How to check are there JSON Functions by SQL query?

There are JSON Function in SQL 2016 like JSON_VALUE, JSON_QUERY and other.

I would like to use it in my queries, but I still have old servers with SQL 2014, for example, that are not allowed to use the new functionality.

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  • Can I check are there functions like JSON_VALUE by query? Something like

    IF operator_exists('JSON_VALUE')
        SELECT JSON_VALUE([Value], '$.MyPath')
          FROM [dbo].[MyTable] 
          WHERE [Name] = 'MyProperty'
        SELECT ''



    If I use ckecking like this (thanks Rigerta Demiri)

    DECLARE @compatibility_level int
    SELECT @compatibility_level= compatibility_level FROM sys.databases WHERE name = 'MyDbName'
    IF (@compatibility_level >= 130)
        SELECT JSON_VALUE([Value], '$.MyPath')
        FROM [dbo].[MyTable] 
        WHERE [Name] = 'MyProperty'
        SELECT 'not allowed'

    … I get the following SQL exception (on 2014 SQL Studio):

    ‘JSON_VALUE’ is not a recognized built-in function name

    enter image description here

    May be 2014 MSSQL interpretator try to parse all blocks of code and cannot understand what is JSON_VALUE?

    One Solution collect form web for “How to check are there JSON Functions by SQL query?”

    Since it depends on the version of SQL Server that you have installed and since you have different instances (even older ones than SQL Server 2016) you can just check if the compatibility level of the database where you are trying to query is equal to 130.

    You could do the following:

    declare @compatibility_level int
    select @compatibility_level= compatibility_level from sys.databases where name = 'TestDB'
    if (@compatibility_level >= 130)
    declare @jsoninfo nvarchar(max)
    set @jsoninfo=N'{  
           "tags":["sport", "water polo"]  
    select json_value(@jsoninfo,'$')  as town

    The OPENJSON function is available only under compatibility level 130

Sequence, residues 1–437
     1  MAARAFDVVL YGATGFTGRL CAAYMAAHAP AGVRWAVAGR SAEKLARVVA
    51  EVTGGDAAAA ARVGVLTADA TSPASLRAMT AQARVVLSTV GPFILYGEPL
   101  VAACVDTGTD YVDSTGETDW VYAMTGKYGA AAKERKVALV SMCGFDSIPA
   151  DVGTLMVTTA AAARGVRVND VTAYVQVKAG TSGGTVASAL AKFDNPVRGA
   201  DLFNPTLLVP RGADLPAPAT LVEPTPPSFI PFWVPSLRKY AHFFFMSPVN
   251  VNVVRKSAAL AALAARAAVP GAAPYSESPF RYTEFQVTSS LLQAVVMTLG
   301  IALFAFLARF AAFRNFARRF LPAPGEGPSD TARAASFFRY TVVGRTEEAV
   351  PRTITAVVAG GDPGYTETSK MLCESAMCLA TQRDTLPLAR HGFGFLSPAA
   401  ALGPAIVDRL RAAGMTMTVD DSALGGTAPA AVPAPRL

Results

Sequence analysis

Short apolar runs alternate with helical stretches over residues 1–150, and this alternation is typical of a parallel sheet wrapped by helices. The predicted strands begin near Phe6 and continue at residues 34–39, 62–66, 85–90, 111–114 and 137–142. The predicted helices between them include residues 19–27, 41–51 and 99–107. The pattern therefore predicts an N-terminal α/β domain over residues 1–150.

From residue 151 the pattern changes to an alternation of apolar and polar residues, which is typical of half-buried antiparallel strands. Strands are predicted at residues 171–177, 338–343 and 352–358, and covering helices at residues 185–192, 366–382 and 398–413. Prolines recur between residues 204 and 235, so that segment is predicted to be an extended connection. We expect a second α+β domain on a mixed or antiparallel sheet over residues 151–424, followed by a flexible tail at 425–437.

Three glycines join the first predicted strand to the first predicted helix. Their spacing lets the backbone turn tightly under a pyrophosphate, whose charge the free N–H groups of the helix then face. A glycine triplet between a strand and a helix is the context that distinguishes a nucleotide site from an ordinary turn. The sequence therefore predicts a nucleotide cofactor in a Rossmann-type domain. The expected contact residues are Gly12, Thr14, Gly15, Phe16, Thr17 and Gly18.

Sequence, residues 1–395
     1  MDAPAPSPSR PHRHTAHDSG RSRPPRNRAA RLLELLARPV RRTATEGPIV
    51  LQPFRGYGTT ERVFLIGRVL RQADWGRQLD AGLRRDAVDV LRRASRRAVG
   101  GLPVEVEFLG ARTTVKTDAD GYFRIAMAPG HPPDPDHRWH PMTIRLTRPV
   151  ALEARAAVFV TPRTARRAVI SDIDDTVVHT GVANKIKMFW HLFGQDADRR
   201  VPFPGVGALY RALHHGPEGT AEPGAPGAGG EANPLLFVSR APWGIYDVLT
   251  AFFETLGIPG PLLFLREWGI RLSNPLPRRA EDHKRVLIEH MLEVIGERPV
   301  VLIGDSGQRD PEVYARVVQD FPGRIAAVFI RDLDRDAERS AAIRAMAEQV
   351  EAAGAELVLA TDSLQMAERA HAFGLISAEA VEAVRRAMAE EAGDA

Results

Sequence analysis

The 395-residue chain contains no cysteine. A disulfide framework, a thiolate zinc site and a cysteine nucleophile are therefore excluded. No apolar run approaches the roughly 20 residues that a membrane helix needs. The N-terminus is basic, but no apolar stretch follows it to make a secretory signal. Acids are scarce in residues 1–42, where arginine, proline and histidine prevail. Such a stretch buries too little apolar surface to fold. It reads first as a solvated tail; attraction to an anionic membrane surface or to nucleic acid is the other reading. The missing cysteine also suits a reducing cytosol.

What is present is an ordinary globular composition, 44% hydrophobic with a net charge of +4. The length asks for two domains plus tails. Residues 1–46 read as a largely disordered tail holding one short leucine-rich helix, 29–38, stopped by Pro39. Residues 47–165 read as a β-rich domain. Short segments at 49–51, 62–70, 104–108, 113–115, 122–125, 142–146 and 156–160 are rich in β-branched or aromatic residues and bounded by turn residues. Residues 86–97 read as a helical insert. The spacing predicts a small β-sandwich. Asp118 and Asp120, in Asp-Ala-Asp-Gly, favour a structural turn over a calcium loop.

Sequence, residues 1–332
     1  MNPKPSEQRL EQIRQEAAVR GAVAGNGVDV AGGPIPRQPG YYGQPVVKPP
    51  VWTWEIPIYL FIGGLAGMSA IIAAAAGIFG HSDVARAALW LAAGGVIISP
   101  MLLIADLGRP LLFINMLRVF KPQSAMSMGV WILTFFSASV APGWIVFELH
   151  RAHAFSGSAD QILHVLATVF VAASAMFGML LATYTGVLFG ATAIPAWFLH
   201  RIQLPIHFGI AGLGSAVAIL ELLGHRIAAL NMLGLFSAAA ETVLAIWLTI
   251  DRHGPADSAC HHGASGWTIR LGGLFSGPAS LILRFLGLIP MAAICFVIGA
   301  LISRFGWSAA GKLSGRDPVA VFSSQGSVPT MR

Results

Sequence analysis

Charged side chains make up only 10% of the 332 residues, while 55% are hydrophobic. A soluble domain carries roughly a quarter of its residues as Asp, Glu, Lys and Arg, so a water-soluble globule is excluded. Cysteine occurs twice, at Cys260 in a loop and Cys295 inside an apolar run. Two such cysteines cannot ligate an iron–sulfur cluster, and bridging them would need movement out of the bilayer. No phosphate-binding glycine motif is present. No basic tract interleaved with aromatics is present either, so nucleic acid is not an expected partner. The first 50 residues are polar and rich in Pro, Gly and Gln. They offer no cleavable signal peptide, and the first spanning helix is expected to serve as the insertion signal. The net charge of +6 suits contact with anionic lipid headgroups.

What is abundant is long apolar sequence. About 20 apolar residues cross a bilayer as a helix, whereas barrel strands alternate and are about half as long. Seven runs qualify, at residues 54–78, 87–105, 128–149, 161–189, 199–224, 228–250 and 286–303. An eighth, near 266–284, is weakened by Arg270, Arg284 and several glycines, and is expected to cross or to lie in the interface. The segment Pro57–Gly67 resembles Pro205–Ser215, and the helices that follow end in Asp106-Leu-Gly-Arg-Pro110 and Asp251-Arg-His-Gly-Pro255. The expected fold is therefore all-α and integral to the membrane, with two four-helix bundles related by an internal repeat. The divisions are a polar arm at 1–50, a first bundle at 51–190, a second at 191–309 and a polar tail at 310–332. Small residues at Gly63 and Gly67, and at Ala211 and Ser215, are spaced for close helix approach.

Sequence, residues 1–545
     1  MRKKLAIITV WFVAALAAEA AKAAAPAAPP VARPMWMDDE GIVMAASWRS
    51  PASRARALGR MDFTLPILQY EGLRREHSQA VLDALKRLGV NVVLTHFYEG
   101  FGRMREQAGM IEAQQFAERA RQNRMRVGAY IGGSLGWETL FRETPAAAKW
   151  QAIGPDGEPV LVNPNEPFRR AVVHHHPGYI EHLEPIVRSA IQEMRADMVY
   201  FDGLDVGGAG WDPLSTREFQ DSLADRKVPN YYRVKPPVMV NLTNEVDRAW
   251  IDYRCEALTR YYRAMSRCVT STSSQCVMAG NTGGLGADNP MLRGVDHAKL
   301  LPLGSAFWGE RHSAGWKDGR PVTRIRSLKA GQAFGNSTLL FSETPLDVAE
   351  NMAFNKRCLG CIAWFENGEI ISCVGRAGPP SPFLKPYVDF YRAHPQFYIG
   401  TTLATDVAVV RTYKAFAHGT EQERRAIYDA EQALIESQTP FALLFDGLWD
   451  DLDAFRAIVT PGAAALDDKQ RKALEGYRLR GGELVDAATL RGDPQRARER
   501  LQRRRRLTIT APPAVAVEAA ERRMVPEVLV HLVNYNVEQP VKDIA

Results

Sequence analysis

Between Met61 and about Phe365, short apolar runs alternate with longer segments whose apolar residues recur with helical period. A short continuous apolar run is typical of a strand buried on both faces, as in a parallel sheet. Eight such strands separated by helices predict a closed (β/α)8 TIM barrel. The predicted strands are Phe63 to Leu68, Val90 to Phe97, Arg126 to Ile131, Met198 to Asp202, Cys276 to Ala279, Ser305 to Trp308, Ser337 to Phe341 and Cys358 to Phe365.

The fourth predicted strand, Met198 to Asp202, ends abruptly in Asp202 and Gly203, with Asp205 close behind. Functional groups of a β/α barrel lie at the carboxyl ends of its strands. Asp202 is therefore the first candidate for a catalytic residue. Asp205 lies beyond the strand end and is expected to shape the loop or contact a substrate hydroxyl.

(or higher).

    as you can read in the documentation.


    What you got happens because apparently “SQL Server doesn’t know or care which branch of a conditional will be entered; it validates all of the statements in a batch anyway.” as stated in the answer of this post: T-Sql appears to be evaluating “If” statement even when the condition is not true.

    So, the workaround would be to create the whole statement as a dynamic string.
    Like this:

    declare @compatibility_level int
    select @compatibility_level= compatibility_level from sys.databases where name = 'TradingDWH'
    if (@compatibility_level >= 130)
        declare @sql nvarchar(max);
        set @sql = ' declare @jsoninfo nvarchar(max) ' + ' set @jsoninfo=N''{ "info":{' + ' "type":1, "address":{ "town":"bristol", "county":"avon", "country":"england" }, "tags":["sport", "water polo"] }, "type":"basic" }'
        set @sql = @sql + 'select json_value(@jsoninfo,''$'')  as town'
        select @sql
        --exec sp_executesql @sql
        -- or your own query, like this:
        declare @sql2 nvarchar(max);
        declare @MyProperty nvarchar(100) = 'YourProperty'
        set @sql2 = ' SELECT JSON_VALUE([Value], ''$.MyPath'') '
        set @sql2 = @sql2 + 'FROM [dbo].[MyTable] WHERE [Name] = @MyProperty '
        select @sql2 
        --exec sp_executesql @sql2, N'@MyProperty nvarchar(100)', @MyProperty
        select 'Version prior to 130!' as [message]

    One of many resources where you can read more about dynamic SQL is Don’t Fear Dynamic SQL.

    MS SQL Server is a Microsoft SQL Database product, include sql server standard, sql server management studio, sql server express and so on.